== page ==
How do I talk to my kids about my past?

Written by Amy Lively
Published on October 06, 2023

The first time I ever spoke into a microphone was at a ladies tea at my church, and I felt like a contestant on American Idol. This was what I was born to do! Public speaking doesn’t make my knees knock or my palms sweat; my stomach doesn’t churn, and my throat doesn’t go dry. But put me in front of my very own child and I’m a wreck. It’s one thing to share a Bible story, but how do I share my big mistakes with this little person looking to me for wisdom, advice, and direction? My faith in Christ is rooted in his forgiveness and grace, but frankly, I’d rather be the superhero than the sinning mama. 

Sharing your story with your child might feel as nerve-racking as public speaking before a large crowd—naked. God may ask you to do that someday (with clothes on, of course), but mostly our stories are shared on park benches, around kitchen tables, or at bedtime over the umpteenth glass of water. The apostle Peter reminds us that people—even little people—are watching and waiting to hear about the cup of hope they see you sipping from:

… but in your hearts honor Christ the Lord as holy, always being prepared to make a defense to anyone who asks you for a reason for the hope that is in you; yet do it with gentleness and respect… (1 Peter 3:15, ESV)

The Greek word for defense is “apologia” (ap-ol-og-ee-ah), and it means “a reasoned statement or argument.” It’s where the term apologetics comes from, which means defending one’s faith. But our kids don’t care about an argument or debate (unless it’s about having ice cream for dinner), and they aren’t won over to Christ with cold, hard facts. They love stories told in vivid color! “First through imagination and then through faith,” Eugene Petersen says in Eat This Book. Stories are the primary way God reveals himself to us in Scripture still today.

Reminiscing over photo albums and social media memories is a wonderful way to sear stories into children’s minds. They can see the now outdated outfit and old-fashioned car you brought them home from the hospital in, but they’ll never know the backstory unless we’re brave enough to share. 

What to leave in

Emotions are the difference between a story and a lecture. It may be harder to tell a story that evokes a lot of feeling, but it’s easier for little listeners to remember. Jesus in Gethsemane was anguished and distraught to the point of sweating blood. On the cross, he cried out that he felt abandoned, rejected, and alone. Peter wept bitterly when he denied Jesus. Emotion makes the story stick. The lower we go in the middle of our stories, the higher the praise goes at the end as God becomes up-close and personal, the leading character in the narrative of our lives. Children begin to see us as individuals with our own thoughts, feelings, beliefs, challenges, and victories through storytelling. Empathy is learned in our laps.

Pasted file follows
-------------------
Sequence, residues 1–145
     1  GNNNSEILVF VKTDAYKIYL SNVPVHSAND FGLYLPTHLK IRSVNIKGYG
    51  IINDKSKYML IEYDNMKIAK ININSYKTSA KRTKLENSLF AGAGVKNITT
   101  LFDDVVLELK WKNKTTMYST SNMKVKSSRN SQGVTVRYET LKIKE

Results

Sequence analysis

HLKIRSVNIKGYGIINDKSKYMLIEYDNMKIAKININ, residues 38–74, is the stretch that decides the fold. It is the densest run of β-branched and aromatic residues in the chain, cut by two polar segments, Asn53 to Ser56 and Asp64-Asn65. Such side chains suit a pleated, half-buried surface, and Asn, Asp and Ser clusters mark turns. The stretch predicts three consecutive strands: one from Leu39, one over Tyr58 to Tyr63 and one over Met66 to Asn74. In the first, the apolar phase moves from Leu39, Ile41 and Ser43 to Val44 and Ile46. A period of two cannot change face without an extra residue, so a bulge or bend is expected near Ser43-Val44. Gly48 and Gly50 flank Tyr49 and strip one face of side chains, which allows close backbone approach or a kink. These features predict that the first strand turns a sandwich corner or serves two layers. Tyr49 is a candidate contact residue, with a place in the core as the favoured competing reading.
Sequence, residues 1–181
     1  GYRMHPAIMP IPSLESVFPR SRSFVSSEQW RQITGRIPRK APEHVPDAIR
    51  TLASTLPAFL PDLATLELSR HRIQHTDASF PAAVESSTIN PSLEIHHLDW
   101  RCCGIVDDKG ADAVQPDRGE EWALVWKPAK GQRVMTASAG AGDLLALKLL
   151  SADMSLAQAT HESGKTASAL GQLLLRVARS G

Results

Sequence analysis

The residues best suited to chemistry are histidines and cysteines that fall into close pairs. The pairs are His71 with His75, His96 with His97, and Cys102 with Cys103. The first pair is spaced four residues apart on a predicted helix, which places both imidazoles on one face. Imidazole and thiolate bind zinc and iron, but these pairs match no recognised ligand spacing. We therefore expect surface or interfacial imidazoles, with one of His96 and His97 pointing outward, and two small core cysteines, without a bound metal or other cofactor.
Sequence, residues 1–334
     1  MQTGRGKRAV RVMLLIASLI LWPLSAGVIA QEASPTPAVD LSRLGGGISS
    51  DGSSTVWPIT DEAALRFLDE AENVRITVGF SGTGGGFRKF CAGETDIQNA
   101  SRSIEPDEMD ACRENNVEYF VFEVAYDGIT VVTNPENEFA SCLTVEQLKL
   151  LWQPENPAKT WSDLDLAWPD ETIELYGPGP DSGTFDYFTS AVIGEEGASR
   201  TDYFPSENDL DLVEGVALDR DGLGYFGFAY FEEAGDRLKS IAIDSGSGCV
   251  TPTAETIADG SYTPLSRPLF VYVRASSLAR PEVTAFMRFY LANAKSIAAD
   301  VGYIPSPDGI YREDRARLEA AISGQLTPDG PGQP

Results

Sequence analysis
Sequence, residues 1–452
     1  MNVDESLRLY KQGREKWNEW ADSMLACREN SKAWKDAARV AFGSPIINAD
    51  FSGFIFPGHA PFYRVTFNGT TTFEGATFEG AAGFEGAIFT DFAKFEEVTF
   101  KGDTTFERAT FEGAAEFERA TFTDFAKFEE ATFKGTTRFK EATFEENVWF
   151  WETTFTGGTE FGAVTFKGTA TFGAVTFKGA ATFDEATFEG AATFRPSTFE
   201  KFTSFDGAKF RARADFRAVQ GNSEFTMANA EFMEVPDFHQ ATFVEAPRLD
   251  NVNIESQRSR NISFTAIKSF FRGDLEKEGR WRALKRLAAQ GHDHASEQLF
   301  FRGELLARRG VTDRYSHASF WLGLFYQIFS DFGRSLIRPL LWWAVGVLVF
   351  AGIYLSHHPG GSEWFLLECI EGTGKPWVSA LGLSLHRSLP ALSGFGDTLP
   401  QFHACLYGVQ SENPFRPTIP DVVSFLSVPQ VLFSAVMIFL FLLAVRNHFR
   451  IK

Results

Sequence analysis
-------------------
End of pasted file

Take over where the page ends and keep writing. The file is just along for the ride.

Leave in the embarrassing blunders and bloopers, the smack-your-head, “what was I thinking?” moments. Leave in the painful consequences of bad decisions. The ugly parts are where people make a connection, and where they identify, because we’re all just a little messed up, aren’t we? The awkward parts make our stories relatable. You cannot read an uglier book than our own Bible, which is full of murderers, liars, adulterers, and thieves—and those are the good guys! When we leave in God’s undeserved and unearned grace, his kindness that leads to repentance, and his mercy in the middle of our mess-ups, our children see the opportunity for redemption in their own lives. 

What to leave out

Children have no filter, combined with a special knack for discussing private details in public settings. It’s a safe assumption our words will find their way back to other characters in our stories, so I like to imagine them sitting in the chair beside me as I share. While personal or embarrassing details about ourselves are fair game, we can omit them about other people in our stories. 

It’s a fine line between oversharing that gives an instruction manual on how to sin, and under sharing that seems to condone it. Sometimes I’m tempted to make light of my sin, even make it funny, to minimize my grave mistakes. This only minimizes God’s grace. I’m learning to lean into the harsh reality of my sin so his redemption can have the starring role. 

The people in the Bible didn’t know they were in the Bible; they were just living their lives, doing their jobs, and raising their kids. They had no idea someone was going to write down their story so people would read about their mistakes or victories for the next few thousand years. Similar spiritual story lines are being written each day as we respond and react to situations, and our kids are watching—maybe with popcorn! As we carefully consider what to leave in and what to leave out, we can shed the shame of past mistakes and share God’s glory in our stories.

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Amy Lively

Amy Lively is a writer and speaker with a degree in Christian Ministry. Her previous work includes How to Love Your Neighbor Without Being Weird. She has been featured on Focus on the Family, FamilyLife Today, and many other programs. Amy’s passion is teaching God’s Word as a “how-to” manual for loving him and loving others. She splits her time between her homes in Colorado and Florida. Visit her online at For a speaking clip, click here.

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